Four Unique Oregon red wines, perfect for winter drinking
These four ‘red’ wines represent the diversity, unique production scale & quality Oregon has to offer
Last month, Oregon Wine Board hosted a trade tasting at the American Embassy in London. The room was filled with over 40 wine growers, makers and suppliers– sharing their passion, pinot and more with journalists, restaurateurs, trade members and UK retailers.
While so many wonderful Oregon Wine representatives were in the room, we listened closely for their recommendations. Each recommendation represents the passion these individuals have for the Oregon Wine industry – From relative newcomer 99W Wine’s Jonathan Brassington to Master of Wine, Mark Savage’s own connection to the beginnings of Oregon’s first Pinot Noir vines.
The four red wines highlighted below represent the diversity and quality Oregon’s wine industry has to offer…along with a surprise entry that sounds perfect for festivities as the nights draw in. Read more to learn a little about each of the wine labels, merchants and suppliers we spoke with.
Colene Clemens Victoria Pinot Noir 2013
£58, The Good Wine Shop
Producing around 650 cases of Victoria Pinot Noir each year, National Sales Manager, Dyana Thomas says “Colene Clemons [is] 100% estate grown Chardonnay and Pinot Noir. Everything is dry farmed, we practice sustainable, we are a low yield [estate]. Essentially all of the wine, all of the pinots are made the same. The difference in the coupe is where we source from on the property.”
The Victoria Pinot Noir is a curated blend of Pinot Noir grapes from various blocks. The result? “In certain vintages, you can sort of see more of that dark, robust pinot that we expect from marine sedimentary soils, and other vintages, you can see those lighter, prettier notes that you tend to see out of volcanic soils,” says Thomas. It’s all down to the block selected for the harvest that year.
R Stuart NV Klipsun Cabernet Sauvignon "Tawny"
£38.14, 99W Wines
Jonathan Brassington, Founder of 99W Wines enthusiastically pointed to this dessert wine as something to try… and winter is the perfect time for a glass of fireside Tawny.
“This bottle represents my feeling ‘I need this in my life’ when it comes to Oregon Wine. This is a lovely little dessert red, which is just a knockout. They call it a ‘Tawny’ it's more kind of LBV-ness with a lot more wine grape to it. So it's not the kind of sticky Port you’d expect. It's very light and very fresh. It’s packed with sweet fruit. It's demonstrating, just the breadth of what what Oregon can bring.”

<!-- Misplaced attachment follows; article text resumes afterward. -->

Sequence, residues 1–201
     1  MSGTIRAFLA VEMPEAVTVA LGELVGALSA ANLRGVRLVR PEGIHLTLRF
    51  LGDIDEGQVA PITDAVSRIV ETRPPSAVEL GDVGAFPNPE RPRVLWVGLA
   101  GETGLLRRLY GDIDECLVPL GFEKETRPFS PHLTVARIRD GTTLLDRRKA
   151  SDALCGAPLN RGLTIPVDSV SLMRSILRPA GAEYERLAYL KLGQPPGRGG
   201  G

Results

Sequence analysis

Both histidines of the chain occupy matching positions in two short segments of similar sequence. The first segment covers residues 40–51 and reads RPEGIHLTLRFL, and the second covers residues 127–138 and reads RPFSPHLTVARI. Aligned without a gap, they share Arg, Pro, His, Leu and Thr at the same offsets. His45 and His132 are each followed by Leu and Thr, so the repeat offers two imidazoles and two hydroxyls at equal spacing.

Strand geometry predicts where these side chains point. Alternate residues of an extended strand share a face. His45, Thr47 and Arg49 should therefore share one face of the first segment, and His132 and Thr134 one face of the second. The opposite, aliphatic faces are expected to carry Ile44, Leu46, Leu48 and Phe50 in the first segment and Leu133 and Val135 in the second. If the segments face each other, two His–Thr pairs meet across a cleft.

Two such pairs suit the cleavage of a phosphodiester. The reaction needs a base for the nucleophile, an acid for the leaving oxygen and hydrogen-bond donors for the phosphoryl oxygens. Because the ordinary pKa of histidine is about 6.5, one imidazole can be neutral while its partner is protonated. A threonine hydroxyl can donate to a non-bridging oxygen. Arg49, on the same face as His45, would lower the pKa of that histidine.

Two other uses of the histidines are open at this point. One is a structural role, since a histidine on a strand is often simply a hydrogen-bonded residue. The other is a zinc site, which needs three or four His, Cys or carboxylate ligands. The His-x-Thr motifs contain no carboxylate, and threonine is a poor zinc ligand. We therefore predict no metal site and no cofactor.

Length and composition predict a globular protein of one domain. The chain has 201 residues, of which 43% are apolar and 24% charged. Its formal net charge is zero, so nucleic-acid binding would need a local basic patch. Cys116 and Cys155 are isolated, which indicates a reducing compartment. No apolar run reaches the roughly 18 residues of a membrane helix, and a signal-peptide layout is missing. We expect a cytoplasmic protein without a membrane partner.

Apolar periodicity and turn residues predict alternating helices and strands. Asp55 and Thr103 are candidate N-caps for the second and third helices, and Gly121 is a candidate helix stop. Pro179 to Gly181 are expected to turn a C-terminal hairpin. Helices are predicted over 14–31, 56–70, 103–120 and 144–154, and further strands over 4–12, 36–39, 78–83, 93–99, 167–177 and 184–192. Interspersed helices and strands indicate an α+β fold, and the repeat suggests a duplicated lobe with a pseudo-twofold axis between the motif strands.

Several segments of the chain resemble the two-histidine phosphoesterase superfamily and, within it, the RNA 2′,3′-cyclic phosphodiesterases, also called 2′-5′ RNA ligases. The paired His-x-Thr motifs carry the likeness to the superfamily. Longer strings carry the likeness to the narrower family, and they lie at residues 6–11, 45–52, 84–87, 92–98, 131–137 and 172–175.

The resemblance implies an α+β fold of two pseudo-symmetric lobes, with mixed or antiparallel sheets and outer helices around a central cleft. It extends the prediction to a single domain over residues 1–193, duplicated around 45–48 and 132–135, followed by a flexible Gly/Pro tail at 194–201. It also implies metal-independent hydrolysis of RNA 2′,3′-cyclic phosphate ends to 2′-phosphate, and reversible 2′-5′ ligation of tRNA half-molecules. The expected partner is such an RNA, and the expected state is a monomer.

GC Wines Willamette Valley Gamay
£24.87, 99W Wines
While Johnathan Brassington was sharing his love of Oregon Wine, he also recommended this Gamay. “John Grochau's GC wines Gamay is quite possibly the nicest way you'll ever have in your life. I think it's certainly one of the nicest labels.” He describes it as an exceptionally drinkable wine – one we’ll certainly be having at table this winter.
The Eyrie Vineyards, Pinot Noir 2017
Mark Savage (MW) has a deep connection with the Lett family of Eyrie Vineyards going back to the 1970s. David Lett planted Oregon's first commercial pinot noir vines in 1966. The legacy of the delicate Eyrie Pinot Noir continues with his son, Jason Lett.
Savage shared the beginnings of his involvement with Oregon Wine and Eyrie Vineyards: “Oregon has become really part of my soul. [The] first time I plucked up the courage to go there in 1980… I [was] actually in California at the time, because we were working there. I rang David [Lett] and nervously asked if I could move up the following day. And he probably thought, ‘All I need is some itinerant English man coming to waste my time’. We got on very well and, and it's been one of the many long relationships I've had with wine growers in the world over the last 50 years.”